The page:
Medicare fraud, drug trafficking, a hired killer, a crooked cop, it's a nightmare scenario PI Sid Chance finds himself in when he takes a tough assignment—prove a young man just out of prison for a murder when he was twelve did not commit a new homicide. Everything is thrown upside down when Jaz LeMieux, the wealthy ex-cop working with him on the case, finds herself accused of a despicable crime, and the evidence is damning. When a hit man comes after Sid, all hell breaks loose.
Chester gives an overview of the book:
He was a young man, dark as the back side of the moon, dreadlock tentacles crawling down his shoulders, brooding eyes filled with questions. Djuan Burden hesitated just inside the small medical equipment store in Nashville’s Green Hills section. It resembled the aftermath of a spring storm, shelves bare as though swept by the wind, scattered trash on the carpet. A stack of boxes tumbled in the doorway to the back room. An acrid odor added to the confusion. Splayed on a small desk at one side lay a few papers and yellow No. 2 pencils piled as if for a pick-up-sticks game. Were they moving out? He approached the desk, where someone sat facing the other direction, his head barely visible above the back of an executive chair.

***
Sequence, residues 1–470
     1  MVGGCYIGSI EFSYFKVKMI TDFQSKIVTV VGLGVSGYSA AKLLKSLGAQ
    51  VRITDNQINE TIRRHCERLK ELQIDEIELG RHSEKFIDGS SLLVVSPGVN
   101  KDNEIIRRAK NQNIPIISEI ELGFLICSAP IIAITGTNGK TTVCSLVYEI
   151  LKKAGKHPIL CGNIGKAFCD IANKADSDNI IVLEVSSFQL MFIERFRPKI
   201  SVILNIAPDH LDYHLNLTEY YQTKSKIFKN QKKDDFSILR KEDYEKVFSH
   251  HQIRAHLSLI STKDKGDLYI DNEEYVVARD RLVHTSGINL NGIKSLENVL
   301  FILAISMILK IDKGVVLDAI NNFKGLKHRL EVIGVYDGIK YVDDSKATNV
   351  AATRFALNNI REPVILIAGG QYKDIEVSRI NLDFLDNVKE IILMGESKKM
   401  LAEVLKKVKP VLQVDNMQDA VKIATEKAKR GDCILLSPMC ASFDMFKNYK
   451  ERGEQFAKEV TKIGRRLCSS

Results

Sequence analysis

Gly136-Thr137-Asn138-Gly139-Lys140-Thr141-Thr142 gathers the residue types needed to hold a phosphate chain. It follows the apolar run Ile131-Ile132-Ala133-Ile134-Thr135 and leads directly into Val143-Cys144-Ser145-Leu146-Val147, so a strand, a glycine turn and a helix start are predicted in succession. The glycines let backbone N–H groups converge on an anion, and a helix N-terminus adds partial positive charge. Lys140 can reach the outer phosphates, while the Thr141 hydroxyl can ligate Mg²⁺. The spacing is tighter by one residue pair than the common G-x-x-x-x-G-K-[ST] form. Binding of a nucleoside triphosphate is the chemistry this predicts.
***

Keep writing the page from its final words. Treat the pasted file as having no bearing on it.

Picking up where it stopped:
Djuan tossed the document he’d brought onto the desk. “Sir,” he said in a deep but subdued voice, “we have a problem.”
The man said nothing. Didn’t move.
Djuan was about to speak in a more strident tone when he realized the smell he had first noticed was gunpowder, a once-familiar odor he had not experienced in years. He edged around the desk until a lifeless face came into view. A bullet hole in the forehead glared back at him like a vacuous third eye.
Face flushed with panic, Burden broke into a run for the door. He darted a frantic glance toward the street as he dashed from the building, headed for the old Ford with the bruised front fender. Blinded momentarily by the afternoon sun, he groped for the door handle, crammed himself into the small sedan. The tires screeched as he swirled around, corrected, and veered toward the street. Too fast, he realized, as it attracted the attention of a tall man in a dark business suit who glared at him from the sidewalk. Though he had been driving only a short time, the skill had come naturally to him. Now his driving instinct held but one message—get the hell out of here!
Traffic along Hillsboro Pike slowed his progress, although it hardly rivaled the impending home-bound rush hour. He ducked his head as a police car passed, traveling in the opposite direction. The specter of that cold, dark prison cell still haunted his befuddled mind.
Chester Campbell is the author of two Sid Chance mysteries: The Surest Poison (2009), and The Good, The Bad and The Murderous (2011), and five Greg McKenzie mysteries: Secret of the Scroll (2002), Designed to Kill (2004), Deadly...